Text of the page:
ATLANTA — With Kell Hall out of the way, construction crews are nearing completion on the first phase of the greenway, which will become Georgia State’s signature gathering space at the center of the Atlanta Campus.
The demolition of Kell Hall and the eastern half of Library Plaza began last April. Workers hauled away the last chunks of concrete in October and have since installed new façades on Langdale Hall and Arts & Humanities where the buildings once adjoined Kell Hall. Construction has also started on the lighted walkway that will soon cross through the greenspace connecting Collins Street to Peachtree Center Avenue.
Crews are expected to start building two new staircases in late February. One will connect the Courtland Street bridge to a revamped ground-level entrance to Sparks Hall, and the other will link Langdale Plaza (the remaining section of Library Plaza behind Langdale Hall) to the greenway down below. In late March, crews should begin landscaping the communal greenspace itself.
The university hopes to open a portion of the greenway, including the walkway, by the end of May. However, because the next construction phase calls for a new ground-level entrance to Library North, complete with façade improvements and a sizable addition, the portion of the greenway that lies south of the walkway must remain closed to allow work to proceed.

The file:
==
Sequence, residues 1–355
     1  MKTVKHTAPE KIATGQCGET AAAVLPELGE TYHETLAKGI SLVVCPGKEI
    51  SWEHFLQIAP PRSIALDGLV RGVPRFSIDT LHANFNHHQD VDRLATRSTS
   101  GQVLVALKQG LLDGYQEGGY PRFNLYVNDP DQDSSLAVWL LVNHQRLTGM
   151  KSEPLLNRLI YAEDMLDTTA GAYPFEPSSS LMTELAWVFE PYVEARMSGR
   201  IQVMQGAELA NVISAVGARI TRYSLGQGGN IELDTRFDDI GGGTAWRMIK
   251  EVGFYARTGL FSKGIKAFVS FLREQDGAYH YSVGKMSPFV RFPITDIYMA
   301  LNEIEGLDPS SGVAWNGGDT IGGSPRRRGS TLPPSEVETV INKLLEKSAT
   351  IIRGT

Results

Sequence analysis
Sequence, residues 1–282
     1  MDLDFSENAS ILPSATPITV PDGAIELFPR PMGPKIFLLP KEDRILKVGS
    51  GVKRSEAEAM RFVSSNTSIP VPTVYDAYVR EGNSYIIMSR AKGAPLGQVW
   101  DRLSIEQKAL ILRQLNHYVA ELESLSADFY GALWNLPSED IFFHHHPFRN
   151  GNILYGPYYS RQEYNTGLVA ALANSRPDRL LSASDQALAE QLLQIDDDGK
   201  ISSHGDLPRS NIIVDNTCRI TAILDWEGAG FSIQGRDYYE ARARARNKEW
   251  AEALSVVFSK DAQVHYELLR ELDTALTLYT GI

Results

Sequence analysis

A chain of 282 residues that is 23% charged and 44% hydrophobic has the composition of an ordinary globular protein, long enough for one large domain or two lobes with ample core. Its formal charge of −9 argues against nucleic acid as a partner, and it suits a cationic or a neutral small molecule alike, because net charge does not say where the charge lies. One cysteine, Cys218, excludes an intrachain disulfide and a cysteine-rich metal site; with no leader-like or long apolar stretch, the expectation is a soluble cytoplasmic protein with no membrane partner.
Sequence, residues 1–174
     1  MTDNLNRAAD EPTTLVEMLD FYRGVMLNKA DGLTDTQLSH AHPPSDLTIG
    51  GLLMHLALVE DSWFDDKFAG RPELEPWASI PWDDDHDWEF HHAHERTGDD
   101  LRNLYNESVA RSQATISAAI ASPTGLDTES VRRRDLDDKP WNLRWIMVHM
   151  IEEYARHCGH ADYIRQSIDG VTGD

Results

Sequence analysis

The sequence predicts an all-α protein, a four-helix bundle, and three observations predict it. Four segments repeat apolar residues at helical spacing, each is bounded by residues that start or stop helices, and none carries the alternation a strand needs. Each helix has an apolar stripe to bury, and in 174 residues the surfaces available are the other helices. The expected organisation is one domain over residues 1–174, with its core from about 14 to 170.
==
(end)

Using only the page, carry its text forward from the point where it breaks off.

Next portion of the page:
Once the northern portion of the greenway opens, work will commence on the Library North addition, which the university estimates will take about eight months and conclude in early 2021. While the new entrance is under construction, the current entrance must be closed. Although Facilities Management Services is investigating alternatives, Library North might only be accessible through Library South.
If crews complete the Library North addition on time, the rest of the greenway should open to the public by the end of the spring 2021 semester.
Check out some drawings of what the completed project will look like below. Keep scrolling to watch a time-lapse video of Kell Hall’s demolition.
Video by William Davis (B.A. ’11) and Riki Prosper Kujanpaa (B.A. ’17)